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How do we group higher education providers and students?

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How do we group higher education providers and students?

  1. 1. How do we group higher education providers and students? Marieke Guy and Simon Carpenter R&I Away Day 21st January 2016
  2. 2. Grouping things… • Typology – the study of types • Classification – the action of classifying something • Clustering – grouping according to similarities
  3. 3. Providers - the QAA perspective
  4. 4. • Funding body (DEL, HEFCE, HEFCW, private, SFC) • Type of funding (direct, indirect) • Type (FEC, University/HEI, private) • Teir4, course designation, degree awarding powers, University title • Course levels • Subscriber or non subscriber • Review outcome, quality mark • Student numbers (FT, PT), student type (undergraduates, graduates, research), student domicile, campus locations • Legal issues
  5. 5. The Institutional perspective
  6. 6. • Membership of body (Russell group, GuildHE, IUG, University Alliance, 157Group, ACU, Million+, Universitas21, Independent Universities Group… ) • Regional and geographic groupings • Time of establishment/architecture • Research (REF) or teaching focused (TEF) • University, University College, University of London • Specialism (art, sport…), faith based • Distance learning • Size (large => 25,000 students, small =<15,000) • Global, industry links • Self declared excellence (technology)
  7. 7. What’s the uniting feature of members?
  8. 8. Ancient University Red brick or civic Red brick chartered Plate glass or 1960s New university Pre 1800s 1800 - 1900 1900 - 1963 1963 - 1992 Post 1992
  9. 9. • Carnegie classification • Howells et al:  Research led, third mission  Local access  Elite research  London metropolitan  High teaching growth  Research orientated, teaching growth • More??? Current research…
  10. 10. The student perspective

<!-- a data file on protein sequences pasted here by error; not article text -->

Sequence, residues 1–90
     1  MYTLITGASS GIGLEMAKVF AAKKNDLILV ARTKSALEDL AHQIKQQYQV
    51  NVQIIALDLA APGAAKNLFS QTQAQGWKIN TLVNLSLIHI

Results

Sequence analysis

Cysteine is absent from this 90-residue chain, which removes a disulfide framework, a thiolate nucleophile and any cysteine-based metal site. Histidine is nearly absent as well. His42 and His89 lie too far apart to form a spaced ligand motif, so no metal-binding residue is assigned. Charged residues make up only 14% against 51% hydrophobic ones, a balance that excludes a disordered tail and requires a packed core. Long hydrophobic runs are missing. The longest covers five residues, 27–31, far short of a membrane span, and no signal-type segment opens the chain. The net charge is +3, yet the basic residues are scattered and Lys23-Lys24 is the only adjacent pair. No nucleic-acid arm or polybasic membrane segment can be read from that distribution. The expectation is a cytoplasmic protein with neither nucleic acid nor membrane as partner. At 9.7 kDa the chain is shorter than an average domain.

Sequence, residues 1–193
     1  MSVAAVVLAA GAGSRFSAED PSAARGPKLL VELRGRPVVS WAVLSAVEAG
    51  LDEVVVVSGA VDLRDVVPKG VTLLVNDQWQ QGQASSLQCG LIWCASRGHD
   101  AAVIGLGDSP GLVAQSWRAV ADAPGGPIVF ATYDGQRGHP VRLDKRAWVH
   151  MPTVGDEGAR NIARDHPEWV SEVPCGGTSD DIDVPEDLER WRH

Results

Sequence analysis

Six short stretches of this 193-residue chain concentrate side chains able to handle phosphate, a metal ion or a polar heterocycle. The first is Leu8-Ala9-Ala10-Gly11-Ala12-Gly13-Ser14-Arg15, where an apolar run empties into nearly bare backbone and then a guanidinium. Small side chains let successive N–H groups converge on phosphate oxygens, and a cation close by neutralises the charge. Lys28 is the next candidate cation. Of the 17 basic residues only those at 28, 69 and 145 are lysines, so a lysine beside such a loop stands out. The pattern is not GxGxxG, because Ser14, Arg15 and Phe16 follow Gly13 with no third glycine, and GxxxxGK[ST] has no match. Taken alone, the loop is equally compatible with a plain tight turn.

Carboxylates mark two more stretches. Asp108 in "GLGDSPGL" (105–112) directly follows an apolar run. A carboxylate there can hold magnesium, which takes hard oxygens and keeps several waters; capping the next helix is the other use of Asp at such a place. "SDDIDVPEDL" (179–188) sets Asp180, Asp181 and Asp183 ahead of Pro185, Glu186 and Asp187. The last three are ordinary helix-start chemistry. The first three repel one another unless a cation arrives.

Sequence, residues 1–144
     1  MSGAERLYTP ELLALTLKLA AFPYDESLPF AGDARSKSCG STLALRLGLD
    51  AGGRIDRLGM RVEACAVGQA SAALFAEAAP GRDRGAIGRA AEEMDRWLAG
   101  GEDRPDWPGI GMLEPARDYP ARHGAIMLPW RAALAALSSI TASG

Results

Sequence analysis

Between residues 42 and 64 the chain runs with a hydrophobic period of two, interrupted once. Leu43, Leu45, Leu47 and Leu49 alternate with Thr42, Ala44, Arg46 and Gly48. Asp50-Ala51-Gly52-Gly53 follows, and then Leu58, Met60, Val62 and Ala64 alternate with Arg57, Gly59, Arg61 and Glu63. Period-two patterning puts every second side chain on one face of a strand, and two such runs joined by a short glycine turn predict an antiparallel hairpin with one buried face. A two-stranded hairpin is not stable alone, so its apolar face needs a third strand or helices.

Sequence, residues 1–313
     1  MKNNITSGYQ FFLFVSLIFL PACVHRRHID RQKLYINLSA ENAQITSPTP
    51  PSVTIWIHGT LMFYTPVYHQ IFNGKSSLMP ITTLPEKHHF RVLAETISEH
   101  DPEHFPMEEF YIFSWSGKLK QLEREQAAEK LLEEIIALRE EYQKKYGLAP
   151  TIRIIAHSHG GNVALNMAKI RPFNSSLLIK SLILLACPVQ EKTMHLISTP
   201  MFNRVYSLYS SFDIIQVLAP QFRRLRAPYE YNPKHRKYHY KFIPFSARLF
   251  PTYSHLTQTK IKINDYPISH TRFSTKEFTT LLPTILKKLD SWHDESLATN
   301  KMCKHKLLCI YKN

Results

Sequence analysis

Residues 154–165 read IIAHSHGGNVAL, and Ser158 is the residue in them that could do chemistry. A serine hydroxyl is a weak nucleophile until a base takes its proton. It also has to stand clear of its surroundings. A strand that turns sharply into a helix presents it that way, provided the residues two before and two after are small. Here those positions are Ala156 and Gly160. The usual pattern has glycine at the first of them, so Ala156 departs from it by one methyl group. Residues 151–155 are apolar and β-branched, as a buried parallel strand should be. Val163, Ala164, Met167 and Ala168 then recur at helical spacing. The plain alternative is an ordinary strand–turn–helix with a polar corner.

11. 11. • Campus type, size and setting (city, metropolitan, surburban, small city, collegiate, campus) • Location • Student profile (social status, widening participation…) • Course offerings • League table rating • Satisfaction rating (NSS) • Entry standards (UCAS tariff) • Employability rating • Other metrics…
  12. 12. Do students all have the same approach to HEPs? “…my gut instinct is that we don’t actually have enough information about the students we are admitting.” (Louise Richardson Vice-Chancellor University of Oxford)
  13. 13. Need a more comprehensive typology of students … A start: • Baby boomers (born between 1945 to 1960ish) • Generation X (born between 1960s to the early 1980s) • Millennials/ Generation Y (born between 1980 and 2000) • Generation K or Z (born between 1995 and 2000ish)
  14. 14. Thoughts so far : • Stepping stone (to another college/HEP) • Pure academic • Exploratory (personal and career) • Career advancers • Looking for vocational qualifications • Skill upgrading • Need (have to do something) • Degree seeking (behaviours, not demographic)
  15. 15. Clark and Trow (1966) Involvement with ideas or involvement with institution Four subcultures: • Vocational • Academics • Collegiate • Nonconformist
  16. 16. Kuh, Hu and Vesper (2000) • Disengaged • Recreator • Socializer • Collegiate • Scientist • Individualist • Artist • Grind • Intellectuals • Conventionals
  17. 17. So what is the relevance for R&I?
  18. 18. • Understanding the sector better • Understanding our stakeholders better • Going beyond metrics… (see the Metric Tide) • Implications for TEF, reviewing etc. • Positioning on ideas related to the level playing field, one size fits all, risk-based review etc. • Myth busting • Supports the I in R&I!
  19. 19. What next? • More thinking! • Comprehensive lit search • Possible paper? • Applying this to R&I work? • More on alternative providers • Any other ideas?
  20. 20. “We have a genius for turning difference into hierarchy” David Eastwood, chair of the Russell Group
  21. 21. qaa.ac.uk enquiries@qaa.ac.uk +44 (0) 1452 557000 © The Quality Assurance Agency for Higher Education 2015 Registered charity numbers 1062746 and SC037786

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